Title: Odin Sphere Leifthrasir
Platform: PS4, PS Vita, PS3
Reviewed on: PS4
Genre: Action RPG
Players: Single player
Written by Whistler 2nd July 2016
Despite it’s gorgeous storybook art style and grand story, Odin Sphere was an Action RPG that released fairly late into the PS2’s lifecycle and as a result gone relatively unnoticed for most of us that made the jump to PS3 and Xbox 360.
Now retitled Odin Sphere Leifthrasir, comes to newer consoles with a shiny HD paintjob and some reworks to the mechanical framework. So with its new coat of paint does Odin Sphere now get the recognition it deserves or was it best left forgotten in the annals of Playstation 2 history?
Odin Sphere is a collection of stories telling the epic tale of five characters whose individual stories while seemingly separate, are intertwined within a sprawling war between nations over the control of the enigmatic Crystallization Cauldron. Told through seven books you’ll slowly gain insight into each of the protagonist’s perspectives as you begin to piece together the grand scaling plot. As the multiple tales weave in and out you’ll come to love most of the cast as each varying perspective adds layers of character development. While the story is spread a little thin over the course of the seven books I found myself always playing that tiny bit more just to reach the end of each chapter. Odin Sphere is almost surprising in how endearing it handles the overarching plotlines and the varying grey tones through helped make the cast feel all the more human.
Played from a side scrolling perspective, each book sees you play one of the five main characters as you battle through enemies and explore various interconnected rooms. With each character’s arc coming in at roughly between 4-
Thankfully the biggest string to this remastered title’s bow is the fully revamped combat system. While granted combat is a little on the button mashing simplistic side, there’s enough variety to keep it enjoyable as you unlock several spells, special moves and passive skills.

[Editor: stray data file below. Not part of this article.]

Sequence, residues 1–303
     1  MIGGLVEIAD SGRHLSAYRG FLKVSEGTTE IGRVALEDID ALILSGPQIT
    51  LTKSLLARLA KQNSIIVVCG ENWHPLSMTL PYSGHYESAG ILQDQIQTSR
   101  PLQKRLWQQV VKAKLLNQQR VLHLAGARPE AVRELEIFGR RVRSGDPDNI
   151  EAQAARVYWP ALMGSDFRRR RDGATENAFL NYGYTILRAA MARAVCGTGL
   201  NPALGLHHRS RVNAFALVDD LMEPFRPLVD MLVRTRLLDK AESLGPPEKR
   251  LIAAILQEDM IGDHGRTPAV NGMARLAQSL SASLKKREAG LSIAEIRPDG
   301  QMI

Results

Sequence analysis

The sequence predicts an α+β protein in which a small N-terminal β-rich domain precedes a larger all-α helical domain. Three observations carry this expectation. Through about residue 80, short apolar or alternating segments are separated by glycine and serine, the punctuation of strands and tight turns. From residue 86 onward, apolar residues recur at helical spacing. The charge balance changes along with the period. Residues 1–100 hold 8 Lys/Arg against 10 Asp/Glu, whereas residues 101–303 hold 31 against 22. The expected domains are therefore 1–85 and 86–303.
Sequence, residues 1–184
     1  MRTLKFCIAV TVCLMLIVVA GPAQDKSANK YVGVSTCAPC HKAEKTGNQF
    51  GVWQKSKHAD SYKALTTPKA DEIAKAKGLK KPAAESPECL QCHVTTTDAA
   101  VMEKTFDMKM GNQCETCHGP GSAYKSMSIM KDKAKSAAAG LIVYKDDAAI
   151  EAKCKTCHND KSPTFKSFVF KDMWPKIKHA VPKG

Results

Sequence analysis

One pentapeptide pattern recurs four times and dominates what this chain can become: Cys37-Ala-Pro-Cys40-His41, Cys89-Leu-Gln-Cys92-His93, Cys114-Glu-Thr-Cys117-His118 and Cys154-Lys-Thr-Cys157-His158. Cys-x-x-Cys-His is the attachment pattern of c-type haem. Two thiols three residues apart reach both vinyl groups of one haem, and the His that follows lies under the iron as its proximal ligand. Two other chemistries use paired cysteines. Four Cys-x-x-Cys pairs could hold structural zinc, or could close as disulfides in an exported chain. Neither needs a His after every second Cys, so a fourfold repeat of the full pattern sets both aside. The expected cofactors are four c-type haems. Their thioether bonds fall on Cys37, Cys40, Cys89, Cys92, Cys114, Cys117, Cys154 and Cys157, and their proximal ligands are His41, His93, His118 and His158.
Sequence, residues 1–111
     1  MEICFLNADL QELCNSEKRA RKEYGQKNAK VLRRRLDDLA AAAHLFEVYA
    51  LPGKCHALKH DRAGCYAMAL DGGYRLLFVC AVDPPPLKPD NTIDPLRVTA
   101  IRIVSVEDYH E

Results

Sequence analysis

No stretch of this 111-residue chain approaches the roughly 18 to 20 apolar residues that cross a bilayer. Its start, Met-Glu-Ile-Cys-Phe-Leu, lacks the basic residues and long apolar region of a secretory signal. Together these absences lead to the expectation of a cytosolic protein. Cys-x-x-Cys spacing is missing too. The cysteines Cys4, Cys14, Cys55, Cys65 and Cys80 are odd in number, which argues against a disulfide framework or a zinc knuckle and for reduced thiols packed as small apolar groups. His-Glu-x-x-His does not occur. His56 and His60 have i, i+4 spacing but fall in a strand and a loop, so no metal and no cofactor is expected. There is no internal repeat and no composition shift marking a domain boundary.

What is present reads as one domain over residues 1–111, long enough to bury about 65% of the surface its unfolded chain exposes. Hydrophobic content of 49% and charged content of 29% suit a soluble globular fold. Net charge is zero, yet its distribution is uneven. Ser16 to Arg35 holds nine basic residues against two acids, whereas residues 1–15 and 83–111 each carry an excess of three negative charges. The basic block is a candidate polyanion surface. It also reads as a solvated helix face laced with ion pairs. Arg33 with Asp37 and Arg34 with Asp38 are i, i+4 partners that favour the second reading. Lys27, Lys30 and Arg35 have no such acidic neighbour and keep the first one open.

A massive change that I’m very much thankful for is the reworked POW and PP gauges; basic attacks no longer consume POW (excluding Mercedes who utilizes a reload mechanic) nor are you stunned once your POW is emptied. Thanks to this combat is fluid and easy to pick up where skills consume POW and spells cost PP allowing you to string together massive spectacular combos.
It is odd though that Odin Sphere retains a rather unique and quirky method for leveling up. Coupled with the standard combat experience leveling up, experience points can be gained through eating meals largely obtained from planting seeds. Once planted you can release phozons (a life force gained from fallen enemies and certain items) to bring the plants to bloom then consume the fruit they bear. Consuming meals through this method or the traveling chef will raise your maximum HP and garners a lot of experience points in the process. Phozons can also be spent to upgrade unlocked abilities that increase their potency or stats.
The game heavily promotes gathering materials and combining them with glass flasks to concoct a variety of alchemic potions such as health tonics, antidotes as well as toxic bombs and fire spirits. It’s certainly fun to be able to create potions on the fly to turn the tables, the inventory system (and by extension the eating mechanic) is incredibly cumbersome. You’ll quickly end up having to chuck or waste items just to free up some space.
Visuals are a fantastic treat for the eyes as Odin Sphere touts an impressively unique watercolor story book art style with lush environments and lively characters. All of which runs at a fantastic frame rate even when the onscreen activities get rather chaotic that helps keep you immersed especially thanks to Hitoshi Sakimoto’s musical scoring. It must be said though that after several hours into the third book, Odin Sphere does start to feel repetitive both in terms of visuals and especially gameplay. You’ll notice by the time you’re playing the third character that stages get heavily reused for story reasons along with bosses and enemy variants. I feel perhaps gaining access to the other characters earlier than finishing a book would help keep things fresher and if some areas were trimmed slightly then these issues would have been alleviated.
While the game does have it’s niggling issues, Odin Sphere Leifthrasir is still an utterly brilliant action RPG that I’m glad was brought back from the PS2 era. While the gameplay does stiffen over the course of its 40 hour playtime you’ll want to stay for the unique visuals and well developed level of story depth. Vanillaware have brought Odin Sphere to a modern platform without sacrificing any of its charm and offering a Classic mode for those who just want the updated visuals.
Fantastic colourful visuals,
Grand story told through several perspectives,
Somewhat repetitive gameplay,
Leveling up can be a chore,
Odin Sphere Leifthrasir scores a solid 7.5/10.